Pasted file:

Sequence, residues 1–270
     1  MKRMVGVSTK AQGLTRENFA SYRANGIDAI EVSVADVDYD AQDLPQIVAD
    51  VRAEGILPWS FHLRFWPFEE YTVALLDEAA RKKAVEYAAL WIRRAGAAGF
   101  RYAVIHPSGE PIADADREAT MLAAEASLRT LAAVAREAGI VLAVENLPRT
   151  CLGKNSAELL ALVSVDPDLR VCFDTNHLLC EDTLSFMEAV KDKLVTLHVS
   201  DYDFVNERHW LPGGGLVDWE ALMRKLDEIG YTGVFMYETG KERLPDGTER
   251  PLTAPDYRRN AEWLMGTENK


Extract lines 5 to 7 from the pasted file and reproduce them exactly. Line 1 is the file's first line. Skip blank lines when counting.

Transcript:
   151  CLGKNSAELL ALVSVDPDLR VCFDTNHLLC EDTLSFMEAV KDKLVTLHVS
   201  DYDFVNERHW LPGGGLVDWE ALMRKLDEIG YTGVFMYETG KERLPDGTER
   251  PLTAPDYRRN AEWLMGTENK